Yesterday, a friend mentioned that he hates getting Christmas letters in cards. My question was, "Do you mind getting the card?" Apparently receiving a card was no problem, it was the contents of the letter inside. So I asked, "Does that mean that you don't mind waving at people, but you'd rather not hear them talk?" Sure I was having a little fun with him, but the questions were rooted in my own genuine lack of understanding. Why is a card OK, but a letter isn't?
Tossing this whole idea around in my brain, I've come up with a couple of reasons why some find Christmas letters so deplorable. First is the impersonal tone of a mass produced, generic-enough-to-send-to-everyone letter. Form letters read like junk mail much of the time, I'll admit. But then again, the sentiment inside a Christmas card is rarely, um, inspiring.
Then there is the letter from people who seem to be digging for a little sympathy. I've never received one of these, but I know people who have. It tells of battles with diseases and financial problems and other stuff which seems to personal to broadcast to everyone on the Christmas card list. I'd have no problem with those, myself. I would think those people probably could use a little sympathy and attention -- especially in prayer -- so I'd be thankful for the heads up.
Sometimes Christmas letters are written from the perspective of a new baby or the family pet. It can be cute, but it might also get a little tiresome. Some letters go on and on for pages, or worse yet for someone whose vision is diminishing, they are typed using a small font to cram it all on one page, but it's too small to be readable. I've also heard of letters which dwell on things that even a best friend would find boring. One friend said that every year while growing up, his family received a Christmas letter from a relative which always mentioned her bowling average score for the year. Still, it was important to her, so who am I to say that nobody cares?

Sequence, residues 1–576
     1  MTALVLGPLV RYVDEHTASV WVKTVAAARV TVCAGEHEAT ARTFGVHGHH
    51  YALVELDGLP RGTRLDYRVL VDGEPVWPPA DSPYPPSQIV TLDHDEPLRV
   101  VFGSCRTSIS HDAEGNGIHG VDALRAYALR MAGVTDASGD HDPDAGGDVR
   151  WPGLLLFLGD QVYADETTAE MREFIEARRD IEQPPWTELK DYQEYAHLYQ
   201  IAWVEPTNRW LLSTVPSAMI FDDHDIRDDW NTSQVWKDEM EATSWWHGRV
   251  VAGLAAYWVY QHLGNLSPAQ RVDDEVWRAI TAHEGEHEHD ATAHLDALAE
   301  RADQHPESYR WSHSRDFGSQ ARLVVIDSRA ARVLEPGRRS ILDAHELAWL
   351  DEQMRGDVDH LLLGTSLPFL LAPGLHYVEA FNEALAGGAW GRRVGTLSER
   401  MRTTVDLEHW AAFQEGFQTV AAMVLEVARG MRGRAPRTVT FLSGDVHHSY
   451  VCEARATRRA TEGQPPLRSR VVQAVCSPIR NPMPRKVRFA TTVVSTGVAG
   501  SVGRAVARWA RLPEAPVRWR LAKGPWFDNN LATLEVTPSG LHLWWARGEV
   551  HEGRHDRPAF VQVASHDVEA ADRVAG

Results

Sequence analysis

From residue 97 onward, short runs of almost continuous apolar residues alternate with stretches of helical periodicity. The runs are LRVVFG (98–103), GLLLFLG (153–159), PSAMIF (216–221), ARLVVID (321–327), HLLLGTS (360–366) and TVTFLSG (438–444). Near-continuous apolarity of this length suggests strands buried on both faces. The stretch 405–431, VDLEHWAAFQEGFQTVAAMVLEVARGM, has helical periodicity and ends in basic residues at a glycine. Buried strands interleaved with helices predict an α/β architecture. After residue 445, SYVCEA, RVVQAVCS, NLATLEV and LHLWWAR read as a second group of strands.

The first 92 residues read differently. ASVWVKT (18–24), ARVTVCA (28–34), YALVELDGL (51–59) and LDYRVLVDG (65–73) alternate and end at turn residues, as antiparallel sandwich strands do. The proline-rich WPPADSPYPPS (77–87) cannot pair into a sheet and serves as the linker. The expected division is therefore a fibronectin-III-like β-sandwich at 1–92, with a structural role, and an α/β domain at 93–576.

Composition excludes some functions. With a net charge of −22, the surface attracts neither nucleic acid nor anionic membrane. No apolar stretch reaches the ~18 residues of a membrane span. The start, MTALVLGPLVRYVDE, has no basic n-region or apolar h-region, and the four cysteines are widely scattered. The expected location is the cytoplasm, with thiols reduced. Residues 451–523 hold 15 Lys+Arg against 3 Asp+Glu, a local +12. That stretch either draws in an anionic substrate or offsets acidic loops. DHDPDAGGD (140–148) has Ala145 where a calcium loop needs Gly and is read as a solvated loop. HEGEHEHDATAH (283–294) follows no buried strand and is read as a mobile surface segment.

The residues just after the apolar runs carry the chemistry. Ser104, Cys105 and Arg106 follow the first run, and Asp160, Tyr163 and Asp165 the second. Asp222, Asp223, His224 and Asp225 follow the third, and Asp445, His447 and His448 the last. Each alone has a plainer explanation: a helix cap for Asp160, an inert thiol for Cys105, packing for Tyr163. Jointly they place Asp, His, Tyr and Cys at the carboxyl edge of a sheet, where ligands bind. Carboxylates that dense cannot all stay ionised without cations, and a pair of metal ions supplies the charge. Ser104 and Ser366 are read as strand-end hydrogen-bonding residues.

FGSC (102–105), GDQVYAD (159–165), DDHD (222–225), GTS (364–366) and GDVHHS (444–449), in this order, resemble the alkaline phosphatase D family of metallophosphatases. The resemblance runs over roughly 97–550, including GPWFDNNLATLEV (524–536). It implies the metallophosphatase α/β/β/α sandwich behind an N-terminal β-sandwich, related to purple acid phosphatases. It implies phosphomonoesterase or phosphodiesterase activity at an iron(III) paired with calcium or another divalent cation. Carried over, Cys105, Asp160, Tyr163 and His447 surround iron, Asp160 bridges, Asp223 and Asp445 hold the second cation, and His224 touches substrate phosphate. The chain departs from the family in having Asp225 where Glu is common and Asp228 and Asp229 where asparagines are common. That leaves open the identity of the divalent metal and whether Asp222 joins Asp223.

However the most common complaint about Christmas letters is that they read like brag sheets. The original complainer wrote:
The letters I get read something like this: We moved this year into a house that cost more than yours. Our kids are smarter than yours and better in sports. We vacation in better places than you do. Our pets can do more tricks than you. blah blah blah...I'm sure there are plenty of people who write things to impress others, especially distant relatives. However, I've never read one written like my friend's example. He likely gets letters from people who like to talk about their accomplishments over the past twelve months. But regardless of the motivation of the author, the reader doesn't have to see it as a competition. If I got a letter from a long lost friend who talked about having a baby, winning the lottery and spending his year in exotic vacation spots, I'd be happy for him. Hey, I'd be tempted to brag about knowing him! I'm not sure why we begrudge others their good times, even if that Christmas letter is written purely to gloat. Perhaps it's a matter of learning to be satisfied in Christ and not looking to validate our existance with our accomplishments. It's not supposed to be a competition after all.
Still after all this, I'm grateful that a person has thought enough to include a summary of what is happening with their family in their annual greeting. Pictures are even better, even if I will never see these folks this side of heaven. I'm grateful that they thought enough of me to include me on the list, even if there is no information intended just for me included. And for those of you who still hate Christmas letters, just slip it out of the card and toss it in the trash without reading it. It'll be better for your blood pressure!
I hope that each Christmas letter you get reminds you that the sender is a blessing from God just for you. He or she might not be someone you'd love to spend a week with or even someone you could spend five minutes on the phone talking to, but that person is a pale reflection of God's love for you. And I pray that even in the too boring, too long, too cute and too braggadocious, we can all see the too loving, too forgiving, too merciful and too awesome God.